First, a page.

26 Jan Snowdrops
Isn’t it supposed to be ‘Blue Monday’ today? I felt it in my bones yesterday afternoon, but today was different. I faced the accounts first thing and guess what? Everything balanced! Such was my complete joy that I was literally punching the air.
I’m currently reading John Bird (Founder of The Big Issue) ‘The 10 Keys to Success’ and he discusses one of his proudest moments as being when he finally began to understand the budgets because for him, they were the hardest part of the operation. Ditto for me. John likens anything very difficult that you have to do to achieve your overall mission to a heavy door. Your only way in is with a sledgehammer, so you must repeatedly hit the door until you get in. There is no way around it. When the door finally gives way, it’s not thanks to your final blow, it was all those blows before hand where you thought you were making no progress at all – and this is where so many give up.It certainly takes a lot of vision to see beyond all the mud at the moment. But we all have it in spade-loads, well, that and blind determination. Martin and Adrian did a sterling job of preparing the space for the new poly-tunnel. Just to give you an idea of when my boys start – Martin was already collecting the digger at 7am and by 7.30am when the porta loo person called (already having arrived at BE) Adrian (who has a good half an hour commute) was already there to meet him.
It was much warmer today so in the glasshouse, while watering I could imagine spring was already here. I’m a great fan of the cloud setting on the sprinkler. It produces this jungle-like gentle humidity, perfect for our babies.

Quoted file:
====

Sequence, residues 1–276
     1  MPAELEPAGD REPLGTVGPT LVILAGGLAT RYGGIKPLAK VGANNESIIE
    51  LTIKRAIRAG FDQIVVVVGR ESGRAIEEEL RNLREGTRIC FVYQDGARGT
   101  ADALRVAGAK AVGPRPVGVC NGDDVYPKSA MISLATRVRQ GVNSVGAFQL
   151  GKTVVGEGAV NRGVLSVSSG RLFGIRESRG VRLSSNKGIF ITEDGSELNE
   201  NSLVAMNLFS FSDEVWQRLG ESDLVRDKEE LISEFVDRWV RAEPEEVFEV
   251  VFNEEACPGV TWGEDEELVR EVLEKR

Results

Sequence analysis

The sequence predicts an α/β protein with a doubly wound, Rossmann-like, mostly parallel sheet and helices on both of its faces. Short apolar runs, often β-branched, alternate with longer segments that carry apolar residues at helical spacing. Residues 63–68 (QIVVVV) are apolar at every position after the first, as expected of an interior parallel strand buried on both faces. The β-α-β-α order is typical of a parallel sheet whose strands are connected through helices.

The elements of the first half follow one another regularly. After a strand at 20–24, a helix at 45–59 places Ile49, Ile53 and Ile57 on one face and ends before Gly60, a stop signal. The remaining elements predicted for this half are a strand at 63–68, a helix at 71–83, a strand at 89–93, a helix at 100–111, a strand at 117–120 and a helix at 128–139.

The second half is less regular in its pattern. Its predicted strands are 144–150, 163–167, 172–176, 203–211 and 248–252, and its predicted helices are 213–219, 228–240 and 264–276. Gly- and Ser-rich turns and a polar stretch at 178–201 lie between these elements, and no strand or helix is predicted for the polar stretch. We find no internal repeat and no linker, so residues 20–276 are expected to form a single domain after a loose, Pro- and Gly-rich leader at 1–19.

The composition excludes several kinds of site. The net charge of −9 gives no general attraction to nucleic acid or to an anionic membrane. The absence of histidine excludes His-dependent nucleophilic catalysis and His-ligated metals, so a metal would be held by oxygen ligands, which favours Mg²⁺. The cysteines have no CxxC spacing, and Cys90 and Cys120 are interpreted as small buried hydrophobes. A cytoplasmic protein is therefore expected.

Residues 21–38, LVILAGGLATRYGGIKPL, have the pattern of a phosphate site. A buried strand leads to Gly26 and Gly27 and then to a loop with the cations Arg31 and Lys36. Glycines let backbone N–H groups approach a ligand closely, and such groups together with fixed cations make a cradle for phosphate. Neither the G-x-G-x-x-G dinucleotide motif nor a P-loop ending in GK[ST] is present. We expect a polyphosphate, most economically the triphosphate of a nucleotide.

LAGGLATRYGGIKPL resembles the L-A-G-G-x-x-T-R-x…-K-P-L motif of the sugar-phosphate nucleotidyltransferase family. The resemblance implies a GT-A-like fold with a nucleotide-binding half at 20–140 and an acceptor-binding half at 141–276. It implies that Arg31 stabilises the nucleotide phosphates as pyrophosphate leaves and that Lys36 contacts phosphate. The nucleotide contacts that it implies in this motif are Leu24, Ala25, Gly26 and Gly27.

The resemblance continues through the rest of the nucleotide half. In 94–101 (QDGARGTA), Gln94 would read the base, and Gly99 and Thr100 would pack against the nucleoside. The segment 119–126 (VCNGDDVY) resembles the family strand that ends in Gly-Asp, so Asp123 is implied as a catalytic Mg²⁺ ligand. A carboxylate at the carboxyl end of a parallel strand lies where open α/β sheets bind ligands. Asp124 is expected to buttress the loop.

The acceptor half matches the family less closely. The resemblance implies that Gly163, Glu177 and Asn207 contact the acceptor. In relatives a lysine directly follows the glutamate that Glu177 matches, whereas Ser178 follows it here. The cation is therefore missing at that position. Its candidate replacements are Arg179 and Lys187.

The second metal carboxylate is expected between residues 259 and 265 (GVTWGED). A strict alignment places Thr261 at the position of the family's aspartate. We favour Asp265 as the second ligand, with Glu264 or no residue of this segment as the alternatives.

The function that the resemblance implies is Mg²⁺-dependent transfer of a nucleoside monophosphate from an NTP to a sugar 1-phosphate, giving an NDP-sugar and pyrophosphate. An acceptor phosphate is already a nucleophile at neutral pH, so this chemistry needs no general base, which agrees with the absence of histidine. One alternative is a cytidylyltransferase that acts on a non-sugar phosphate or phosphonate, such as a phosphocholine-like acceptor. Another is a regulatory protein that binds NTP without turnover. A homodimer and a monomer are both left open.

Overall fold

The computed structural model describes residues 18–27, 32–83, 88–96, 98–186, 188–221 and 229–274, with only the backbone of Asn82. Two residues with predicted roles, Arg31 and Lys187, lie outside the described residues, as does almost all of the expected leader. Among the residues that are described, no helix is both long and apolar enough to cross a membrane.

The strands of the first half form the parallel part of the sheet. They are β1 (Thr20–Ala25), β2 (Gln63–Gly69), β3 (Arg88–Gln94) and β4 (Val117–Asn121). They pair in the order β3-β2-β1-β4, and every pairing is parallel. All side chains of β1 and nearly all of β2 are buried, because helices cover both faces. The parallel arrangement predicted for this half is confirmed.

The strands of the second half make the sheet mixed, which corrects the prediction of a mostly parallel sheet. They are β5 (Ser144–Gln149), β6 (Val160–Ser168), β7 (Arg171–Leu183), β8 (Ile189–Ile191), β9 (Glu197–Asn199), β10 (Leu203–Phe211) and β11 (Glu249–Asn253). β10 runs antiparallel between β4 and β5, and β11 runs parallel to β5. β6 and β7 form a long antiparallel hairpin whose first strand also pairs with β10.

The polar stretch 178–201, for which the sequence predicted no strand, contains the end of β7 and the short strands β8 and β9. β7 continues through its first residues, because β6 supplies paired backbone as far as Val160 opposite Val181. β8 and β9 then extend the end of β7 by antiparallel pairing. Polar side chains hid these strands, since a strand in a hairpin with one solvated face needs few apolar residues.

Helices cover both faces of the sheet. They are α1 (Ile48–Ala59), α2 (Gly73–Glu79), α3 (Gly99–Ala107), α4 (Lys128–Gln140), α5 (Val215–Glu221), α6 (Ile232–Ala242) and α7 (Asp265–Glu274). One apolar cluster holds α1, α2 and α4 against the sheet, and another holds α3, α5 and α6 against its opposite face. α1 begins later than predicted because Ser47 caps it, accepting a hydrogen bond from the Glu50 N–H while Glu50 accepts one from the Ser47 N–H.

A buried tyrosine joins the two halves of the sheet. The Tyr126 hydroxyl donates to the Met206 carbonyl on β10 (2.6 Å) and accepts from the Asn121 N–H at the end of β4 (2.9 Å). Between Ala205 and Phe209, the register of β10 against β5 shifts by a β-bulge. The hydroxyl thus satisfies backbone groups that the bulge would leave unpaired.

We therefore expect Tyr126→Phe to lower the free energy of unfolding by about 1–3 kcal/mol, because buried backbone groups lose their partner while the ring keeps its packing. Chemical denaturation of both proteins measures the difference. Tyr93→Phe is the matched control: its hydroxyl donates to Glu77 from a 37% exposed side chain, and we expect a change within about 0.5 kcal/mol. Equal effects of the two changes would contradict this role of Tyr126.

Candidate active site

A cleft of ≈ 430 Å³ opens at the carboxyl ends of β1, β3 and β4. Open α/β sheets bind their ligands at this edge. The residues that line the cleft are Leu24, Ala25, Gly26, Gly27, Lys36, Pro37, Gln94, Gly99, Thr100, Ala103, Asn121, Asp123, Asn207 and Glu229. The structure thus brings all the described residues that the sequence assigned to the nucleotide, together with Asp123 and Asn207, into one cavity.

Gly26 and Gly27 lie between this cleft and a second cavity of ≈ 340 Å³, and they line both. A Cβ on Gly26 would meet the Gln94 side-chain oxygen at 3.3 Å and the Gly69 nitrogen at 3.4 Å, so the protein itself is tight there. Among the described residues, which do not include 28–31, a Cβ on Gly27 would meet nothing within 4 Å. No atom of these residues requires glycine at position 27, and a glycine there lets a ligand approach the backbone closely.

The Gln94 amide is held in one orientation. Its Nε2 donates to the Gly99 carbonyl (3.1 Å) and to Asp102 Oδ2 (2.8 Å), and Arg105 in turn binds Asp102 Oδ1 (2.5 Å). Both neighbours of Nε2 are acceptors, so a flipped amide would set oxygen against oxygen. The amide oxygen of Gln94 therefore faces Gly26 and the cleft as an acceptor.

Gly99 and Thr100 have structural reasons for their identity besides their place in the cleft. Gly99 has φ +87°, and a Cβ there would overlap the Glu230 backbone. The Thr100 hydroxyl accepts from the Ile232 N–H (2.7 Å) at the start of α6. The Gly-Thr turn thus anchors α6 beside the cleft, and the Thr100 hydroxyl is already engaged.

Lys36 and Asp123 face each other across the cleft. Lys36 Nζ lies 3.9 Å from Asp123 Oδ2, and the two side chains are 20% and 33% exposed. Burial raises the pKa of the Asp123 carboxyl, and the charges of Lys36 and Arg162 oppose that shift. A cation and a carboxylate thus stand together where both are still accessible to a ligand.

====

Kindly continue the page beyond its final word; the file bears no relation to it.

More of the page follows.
I’m happy this evening because – OK the conditions were not perfect – but I managed to get out on the soil and do a good afternoon of soil preparation (otherwise known as weeding and digging!) The ground has been too frozen lately and I’m so aware of time marching on and not getting this lovely soil turned. It needs to be offered up to the ice and snow to break it down into the fine tilth I’m after. Later in the week the forecast is for more snow and a prolonged cold spell, so I want to get what I can done now.
The snowdrops here at BE are now well underway. Seeing them brings so much fresh hope. This time last year I was in India, so I missed the utter chill of England’s winter and funnily enough, I dreamt of snowdrops. One of the first thing’s I did after getting off the plane was to attend my local writing group and there I wrote a poem entitled ‘Snowdrop.’ Despite severe jetlag I read it to the group and one chap, John (who usually struggled with my work) totally loved it. ‘Finally!’ he laughed, clapping his hands, ‘you’ve written a proper poem which rhymes!’ Indeed John liked it so much that he asked for a printed copy. The next week I came with a printed copy especially for him. Looking around the table I was disappointed he wasn’t there.
Everyone thought I already knew. John had been killed two days earlier in a car crash on the roundabout outside.
When the plane door opened
the smell of air so sweet,
I could see children's sheets
billowing white on a washing line.
I can tell before I reach Suffolk
(in this Gatwick night)
that spring's secret has risen,
since I was away.
In the dust of India
bunches of shells from tired sand and dreamed
of the cut glass, bone china-ness
of the bravest flower I know.
Passing rice fields
irrigated with tired water
from the polluted river
I imagined the easy green of linear leaves;
that sudden internal leap of discovery,
shocking as the first lamb.
Later, when first light split open England's dark
gentle as a mothers' hand
and although it was only four degrees,
I threw open the kitchen window and listened to
the kiss, kiss
of newly hallowed ground.
In the garden
snowdrops haloed around and around.
Merriel, for John